We had a precious Celebration of Life service in his honor a few weeks ago, and afterward - according to his wishes - everyone was invited for taco salad. So typical - he didn't want sadness!
There were many ways that my dad was special to the world - from the many students he touched during 30+ years as Professor and Dean at Samford University, to the thousands he touched through his mission trips and writing projects.
But his family knew him in some other ways, too. Growing up, our family was my mom (to whom he was married for almost 68 years), my brother Wayne, and me. Daddy was The Great Explainer, a teacher to the core, whether it was introducing me to algebra at a young age (and it made sense!), or showing us how to dip boxwood cuttings in a special substance so they would root better (and paid us 10 cents for every cutting that rooted, BTW!), or being always ready to tickle our brains with a riddle ("A hunter left his cabin and walked 1 mile due south, 1 mile due east, then saw a bear, then walked 1 mile due north and ended up back at his cabin. What color was the bear?"), or set us on an adventure, like the around-the-world trip our family took when I was ten, so he and Mother could teach at Hong Kong Baptist College while on a semester sabbatical from Samford ("Well, we have been advised to change our plans and not go to Athens tomorrow because of riots - what do you say we go to Pompeii instead?").
He was a farmer (with a doctorate in agricultural education), as well as a scholar (with a doctorate in agricultural education). He was a writer, a poet (you should see the poems he wrote for my mom!), a patriot, and an inventor, with a dry wit that caught a lot of people by surprise. My children dubbed him "hard core" because of episodes like the time one Saturday that the wheel rim fell on his hand while he was changing his own tire (in his 80's) on a deserted Samford campus, but after about 20 minutes, he was finally able to flag down a student to help him get the car off his hand, then he insisted on driving himself to the emergency room.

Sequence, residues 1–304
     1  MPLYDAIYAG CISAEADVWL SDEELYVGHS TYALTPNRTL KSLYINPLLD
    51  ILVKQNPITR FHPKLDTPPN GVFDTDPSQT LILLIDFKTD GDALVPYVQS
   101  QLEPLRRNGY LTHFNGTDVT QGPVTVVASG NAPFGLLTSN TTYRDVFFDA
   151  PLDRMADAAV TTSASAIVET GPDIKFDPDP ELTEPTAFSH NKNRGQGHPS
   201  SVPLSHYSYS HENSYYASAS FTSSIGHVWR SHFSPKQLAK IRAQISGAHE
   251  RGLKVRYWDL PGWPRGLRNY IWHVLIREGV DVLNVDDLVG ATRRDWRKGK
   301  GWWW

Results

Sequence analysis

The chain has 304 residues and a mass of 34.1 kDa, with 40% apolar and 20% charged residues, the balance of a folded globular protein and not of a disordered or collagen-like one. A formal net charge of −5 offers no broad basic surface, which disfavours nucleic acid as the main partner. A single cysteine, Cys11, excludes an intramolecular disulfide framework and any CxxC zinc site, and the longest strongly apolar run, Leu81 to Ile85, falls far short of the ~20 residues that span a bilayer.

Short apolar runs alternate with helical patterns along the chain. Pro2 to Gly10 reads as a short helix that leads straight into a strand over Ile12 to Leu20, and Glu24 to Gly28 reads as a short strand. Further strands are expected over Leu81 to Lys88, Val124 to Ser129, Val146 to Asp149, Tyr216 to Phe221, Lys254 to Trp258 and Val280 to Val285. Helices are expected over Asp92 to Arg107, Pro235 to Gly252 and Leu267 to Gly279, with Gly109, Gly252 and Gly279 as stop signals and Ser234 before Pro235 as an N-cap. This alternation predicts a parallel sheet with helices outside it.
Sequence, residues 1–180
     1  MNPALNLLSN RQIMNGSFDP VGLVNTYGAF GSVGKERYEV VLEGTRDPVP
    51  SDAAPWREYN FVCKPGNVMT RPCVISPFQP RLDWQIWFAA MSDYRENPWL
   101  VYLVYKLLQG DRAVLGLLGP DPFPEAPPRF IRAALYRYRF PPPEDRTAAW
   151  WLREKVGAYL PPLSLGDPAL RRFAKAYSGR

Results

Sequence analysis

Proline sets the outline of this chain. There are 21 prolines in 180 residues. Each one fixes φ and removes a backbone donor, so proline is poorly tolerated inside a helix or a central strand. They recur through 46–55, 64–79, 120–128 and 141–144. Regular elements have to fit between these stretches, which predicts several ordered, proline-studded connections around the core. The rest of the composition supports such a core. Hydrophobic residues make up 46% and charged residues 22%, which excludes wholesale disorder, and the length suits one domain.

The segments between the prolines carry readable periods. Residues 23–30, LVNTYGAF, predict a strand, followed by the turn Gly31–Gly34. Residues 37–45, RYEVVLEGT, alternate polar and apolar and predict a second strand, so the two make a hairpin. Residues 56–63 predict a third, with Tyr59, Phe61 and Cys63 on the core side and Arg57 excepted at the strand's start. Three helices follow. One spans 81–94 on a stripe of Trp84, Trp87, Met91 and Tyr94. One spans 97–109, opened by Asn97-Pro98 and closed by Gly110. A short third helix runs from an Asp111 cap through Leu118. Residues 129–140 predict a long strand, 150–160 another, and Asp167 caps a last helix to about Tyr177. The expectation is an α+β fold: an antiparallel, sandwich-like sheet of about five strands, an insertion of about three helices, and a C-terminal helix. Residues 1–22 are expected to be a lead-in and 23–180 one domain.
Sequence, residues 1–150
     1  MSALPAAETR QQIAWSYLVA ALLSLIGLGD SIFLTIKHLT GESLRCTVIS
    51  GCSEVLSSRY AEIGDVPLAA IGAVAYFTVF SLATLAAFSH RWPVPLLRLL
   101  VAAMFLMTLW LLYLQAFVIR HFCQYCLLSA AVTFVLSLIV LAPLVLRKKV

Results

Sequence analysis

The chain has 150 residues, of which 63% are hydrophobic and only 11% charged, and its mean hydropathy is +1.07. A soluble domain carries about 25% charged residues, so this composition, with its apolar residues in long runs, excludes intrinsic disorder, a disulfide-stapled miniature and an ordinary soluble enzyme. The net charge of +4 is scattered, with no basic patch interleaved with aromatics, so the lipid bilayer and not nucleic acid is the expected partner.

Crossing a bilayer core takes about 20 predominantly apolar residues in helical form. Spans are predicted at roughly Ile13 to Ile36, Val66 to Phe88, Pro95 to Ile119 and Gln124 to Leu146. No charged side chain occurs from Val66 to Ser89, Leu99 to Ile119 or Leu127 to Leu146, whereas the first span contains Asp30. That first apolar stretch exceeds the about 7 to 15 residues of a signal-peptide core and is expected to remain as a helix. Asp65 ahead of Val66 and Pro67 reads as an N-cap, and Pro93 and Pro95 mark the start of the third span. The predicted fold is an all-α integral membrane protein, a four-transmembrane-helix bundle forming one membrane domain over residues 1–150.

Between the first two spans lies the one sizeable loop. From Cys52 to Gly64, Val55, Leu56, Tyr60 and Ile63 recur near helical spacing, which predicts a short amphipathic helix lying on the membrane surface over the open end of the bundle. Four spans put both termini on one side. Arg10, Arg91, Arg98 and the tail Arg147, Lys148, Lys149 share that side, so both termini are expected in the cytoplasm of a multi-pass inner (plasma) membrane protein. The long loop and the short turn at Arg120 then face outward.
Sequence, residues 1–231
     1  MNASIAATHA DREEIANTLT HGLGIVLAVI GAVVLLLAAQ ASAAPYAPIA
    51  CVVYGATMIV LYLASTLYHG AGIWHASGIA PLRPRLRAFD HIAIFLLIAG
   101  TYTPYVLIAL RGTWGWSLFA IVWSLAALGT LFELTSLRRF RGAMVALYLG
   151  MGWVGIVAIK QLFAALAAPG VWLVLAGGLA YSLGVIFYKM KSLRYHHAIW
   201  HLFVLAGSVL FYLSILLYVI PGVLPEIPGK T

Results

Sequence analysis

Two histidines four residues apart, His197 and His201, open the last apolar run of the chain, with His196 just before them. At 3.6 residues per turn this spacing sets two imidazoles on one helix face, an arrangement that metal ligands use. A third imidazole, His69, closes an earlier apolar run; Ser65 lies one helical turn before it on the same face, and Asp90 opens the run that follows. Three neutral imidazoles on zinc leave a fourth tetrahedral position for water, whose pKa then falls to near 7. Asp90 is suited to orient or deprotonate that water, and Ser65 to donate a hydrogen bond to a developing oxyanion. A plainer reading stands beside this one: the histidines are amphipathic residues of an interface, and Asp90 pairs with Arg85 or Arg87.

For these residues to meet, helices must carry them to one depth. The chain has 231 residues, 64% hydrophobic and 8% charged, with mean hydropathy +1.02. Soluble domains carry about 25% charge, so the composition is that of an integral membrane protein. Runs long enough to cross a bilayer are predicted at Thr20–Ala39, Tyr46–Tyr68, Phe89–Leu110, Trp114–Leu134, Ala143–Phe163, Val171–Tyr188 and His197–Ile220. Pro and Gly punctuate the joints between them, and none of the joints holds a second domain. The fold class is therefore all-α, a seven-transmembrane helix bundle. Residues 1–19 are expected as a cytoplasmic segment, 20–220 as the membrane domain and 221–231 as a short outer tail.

He had occasion to preach once in a while, and he would say, "I'm a bootleg preacher - I'm dispensing the gospel without a license." My 10-year-old self has never forgotten the sermon he preached at a church in Egypt on that trip around the world - his text was Hebrews 12:1-2. I learned to love God through my godly parents, and I am so very grateful.
For the last 16 years, Dad helped Mother as she began a national organization called the American Rosie the Riveter Association, which honors women who worked during World War II. He faithfully helped her plan conventions and send out publicity, and he typed her correspondence and newsletter articles so often that she started taking him to lunch during Secretary's Week. He wore his original paratrooper uniform to give presentations with Mother called "Rosie and Her Paratrooper" in several states across the country.
Dad rode a glider plane into the 1944 invasion of southern France that followed D-Day. He became rather famous in veteran circles for telling "The Turkey Story" (watch it here on YouTube) about the time he volunteered to cook a Thanksgiving turkey with no kitchen or mess hall on the Italian border. So he typed that one and some more WW II stories on his computer last summer and bound them into a little tablet, even though he had had a stroke by then and it wasn't easy. He called it Some Side-Lights of Operation Dragoon and enjoyed giving it away at a Dragoon reunion last summer. Last fall we added some photos, formatting, and additional stories, and made it into a book, which he continued to enjoy giving away, especially to veterans.
Dad had a favorite saying: "I want to live 'til I die." And he absolutely did. The song says, "May all who come behind us find us faithful." Thank you, Daddy. Those of us coming behind you have certainly found you to be faithful.